Consequently, you give him a real piece of your mind and tell him what you really think of people who are belligerent,  ignorant on their chosen subject, provocatively irrational and unable or unwilling to learn. The reaction of the evangelist is predictable: he says THAT’S IT, I AM NOT TALKING TO YOU ANYMORE, announces that he is the winner of the argument, and flies off triumphantly promising never to return.


We all give a sigh of relief. The evangelist has now returned to his fellow conspiracy theorists where he defames you the best he can. Eventually he disappoints your hope of peace and rationality by returning to the table. He pretends nothing has happened and starts over again.

So, what is the solution?

I am not sure there is an ideal way out.

Personally I intend to do the following in future (and I invite others to follow my example): before I reach the point where I lose my temper completely and regrettably, I will refer the evangelist to this blog post entitled ‘A method of ending discussions with belligerent twits’. At the same time, I will inform him (rarely it is a ‘her’) that I am about to break off the discussion with him because I fear that otherwise I might be openly rude, and perhaps even tell him: YOU ARE A FLAMING IDIOT WHO POSTS FAR TO MUCH NONSENSE TO BE TAKEN SERIOUSLY.

This, I hope will get my message across without actually ever tempting me to post a rude word again.

Failing this, I will block him completely, a measure to which so far I only needed rarely to resort.

The website of the HOMEOPATHY HUB gives us intriguing access to the brain of a homeopath. It tells us that “protecting patient choice is at the heart of everything we do. Homeopathy, which is the second largest system of medicine in the world, is a form of treatment which plays a vital role in the lives of hundreds of thousands of people across the UK. There is, however, a movement to try and withdraw homeopathy from the public and make homeopathic medicines difficult to secure. Our intention is to be a central “hub” for accurate information on current campaigns to retain access to homeopathy and details on how you can get involved and make your voice heard. Without public and patient support we will not be successful.”

Here are a few of the above statements that I find doubtful:

  • protecting patient choice – choice requires reliable information; as we will see, this is not provided here;
  • second largest system of medicine in the world – really?
  • plays a vital role – where is the evidence for that claim?
  • movement to try and withdraw homeopathy from the public and make homeopathic medicines difficult to secure – nobody works towards this aim, some people are trying to stop wasting public funds on useless therapies, but that’s quite different, I find;

The HOMEOPATHY HUB recently alerted its readers to the fact that the Charity Commission (CC) is currently conducting a public consultation on whether organisations promoting the use of complementary and alternative medicines (CAM) should have charitable status ( and urged its readers to defend homeopathy by responding to the CC offering a “few helpful points” to raise. These 7 points give, I think, a good insight into the thinking of homeopaths. I therefore copy them here and add a few of my own comments below:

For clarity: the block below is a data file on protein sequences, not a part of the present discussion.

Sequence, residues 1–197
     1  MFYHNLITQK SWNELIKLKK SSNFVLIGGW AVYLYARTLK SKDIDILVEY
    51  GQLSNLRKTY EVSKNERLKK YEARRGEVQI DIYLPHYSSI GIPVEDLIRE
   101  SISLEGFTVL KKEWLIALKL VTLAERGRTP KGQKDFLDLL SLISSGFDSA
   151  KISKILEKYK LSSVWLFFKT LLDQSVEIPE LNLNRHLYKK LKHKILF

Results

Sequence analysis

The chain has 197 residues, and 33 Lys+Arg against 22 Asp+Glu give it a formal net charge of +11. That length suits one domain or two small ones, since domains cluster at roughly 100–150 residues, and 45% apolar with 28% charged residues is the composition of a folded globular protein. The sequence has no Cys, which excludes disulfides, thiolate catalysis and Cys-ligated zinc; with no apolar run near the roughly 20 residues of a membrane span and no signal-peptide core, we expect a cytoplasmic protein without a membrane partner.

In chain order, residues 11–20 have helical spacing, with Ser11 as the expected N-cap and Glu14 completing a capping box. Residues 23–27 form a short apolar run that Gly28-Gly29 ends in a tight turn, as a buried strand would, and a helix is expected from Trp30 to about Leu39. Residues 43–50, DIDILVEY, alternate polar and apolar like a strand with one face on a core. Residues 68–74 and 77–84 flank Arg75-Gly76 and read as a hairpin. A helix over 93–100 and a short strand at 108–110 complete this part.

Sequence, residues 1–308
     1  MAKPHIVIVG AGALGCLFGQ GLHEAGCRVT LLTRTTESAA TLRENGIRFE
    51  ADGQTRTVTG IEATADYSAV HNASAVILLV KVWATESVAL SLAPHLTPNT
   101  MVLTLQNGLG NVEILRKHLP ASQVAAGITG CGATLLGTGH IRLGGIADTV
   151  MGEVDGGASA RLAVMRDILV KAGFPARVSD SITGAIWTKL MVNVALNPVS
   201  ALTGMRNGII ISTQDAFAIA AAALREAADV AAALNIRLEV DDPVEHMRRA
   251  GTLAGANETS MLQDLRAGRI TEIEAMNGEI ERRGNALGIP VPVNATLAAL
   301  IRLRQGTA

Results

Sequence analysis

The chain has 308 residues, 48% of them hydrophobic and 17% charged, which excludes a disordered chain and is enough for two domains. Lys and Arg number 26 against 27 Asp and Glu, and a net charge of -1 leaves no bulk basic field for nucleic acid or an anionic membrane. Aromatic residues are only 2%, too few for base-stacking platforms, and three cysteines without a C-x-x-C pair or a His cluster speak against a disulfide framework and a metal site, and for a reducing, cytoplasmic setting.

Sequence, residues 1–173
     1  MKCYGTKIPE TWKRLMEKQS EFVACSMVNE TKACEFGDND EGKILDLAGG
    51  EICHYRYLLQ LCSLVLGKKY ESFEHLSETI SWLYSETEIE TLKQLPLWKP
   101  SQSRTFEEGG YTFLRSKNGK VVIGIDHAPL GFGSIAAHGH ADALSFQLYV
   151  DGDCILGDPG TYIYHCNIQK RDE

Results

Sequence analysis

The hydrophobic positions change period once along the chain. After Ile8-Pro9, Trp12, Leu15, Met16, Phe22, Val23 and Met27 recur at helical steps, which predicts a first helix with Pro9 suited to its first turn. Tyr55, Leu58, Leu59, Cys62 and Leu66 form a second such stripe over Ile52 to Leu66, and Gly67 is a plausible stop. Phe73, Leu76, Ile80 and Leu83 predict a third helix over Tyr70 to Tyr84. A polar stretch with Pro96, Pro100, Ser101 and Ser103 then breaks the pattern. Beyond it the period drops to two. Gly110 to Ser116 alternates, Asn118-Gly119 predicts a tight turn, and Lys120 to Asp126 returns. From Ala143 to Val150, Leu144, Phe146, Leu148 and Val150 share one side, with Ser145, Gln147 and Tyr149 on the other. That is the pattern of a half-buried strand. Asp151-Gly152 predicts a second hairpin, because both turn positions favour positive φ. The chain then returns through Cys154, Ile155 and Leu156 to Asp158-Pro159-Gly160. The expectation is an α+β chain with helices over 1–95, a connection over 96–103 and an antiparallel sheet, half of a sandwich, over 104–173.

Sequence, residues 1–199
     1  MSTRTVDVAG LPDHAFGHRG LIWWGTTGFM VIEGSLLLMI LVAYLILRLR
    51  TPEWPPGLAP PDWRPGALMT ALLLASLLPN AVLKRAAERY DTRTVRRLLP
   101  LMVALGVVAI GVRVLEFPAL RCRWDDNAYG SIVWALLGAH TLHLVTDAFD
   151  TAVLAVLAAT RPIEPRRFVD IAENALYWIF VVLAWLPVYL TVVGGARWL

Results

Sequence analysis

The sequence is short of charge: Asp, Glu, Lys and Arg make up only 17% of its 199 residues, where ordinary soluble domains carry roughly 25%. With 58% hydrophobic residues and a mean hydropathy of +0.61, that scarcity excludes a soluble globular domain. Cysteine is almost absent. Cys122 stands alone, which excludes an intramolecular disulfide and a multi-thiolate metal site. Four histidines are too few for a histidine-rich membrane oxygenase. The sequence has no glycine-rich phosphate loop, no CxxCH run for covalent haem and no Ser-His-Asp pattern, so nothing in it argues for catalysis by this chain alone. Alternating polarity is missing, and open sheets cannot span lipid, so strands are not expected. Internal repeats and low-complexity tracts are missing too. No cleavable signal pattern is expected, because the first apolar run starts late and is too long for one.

1. there are many types of evidence that should be considered when evaluating the effectiveness of a therapy. These include scientific studies, patient feedback and the clinical experience of  doctors  who  have trained in a CAM discipline.  Within Homeopathy there is considerable evidence which can be found (
  2. many conventional therapies and drugs  have inconclusive evidence or prove to be useful in only some cases, for example SSRIs (anti-depressants).  Inconsistent evidence is often the result  of the complexity of both  the medical  condition being treated and the therapy being used. It is not indicative of a therapy that doesn’t work
  3. removing all therapies or interventions that  have inconsistent or inconclusive evidence would seriously limit the  public and the medical profession’s  ability to help treat and ease patients suffering.
  4. all over the world there are doctors, nurses, midwives, vets  and other healthcare professional  who integrate  CAM therapies into their daily  practice because they see effectiveness. They would not use these therapies if they  did  not see their patients  benefitting from them.  For example in the UK, within the NHS hospital setting, outcome studies demonstrate effectiveness of homeopathy. (
  5. practitioners of many CAM therapies belong to registering bodies which expect their members to comply to the highest professional standards in regards to training and practice
  6. In the UK the producers and suppliers of  CAM treatments (homeopathy, herbal medicine etc) are strictly regulated
  7. as well as  providing valuable information to the  growing  number of people seeking to use CAM as part of their healthcare, CAM charities frequently fund treatment for those people, particularly the elderly and those on a low income, whose health has benefitted from these therapies but who cannot  afford them. This meets the charity’s criterion of  providing a public benefit.


  1. “Patient feedback and the clinical experience of  doctors” may be important but is not what can be considered evidence of therapeutic effectiveness.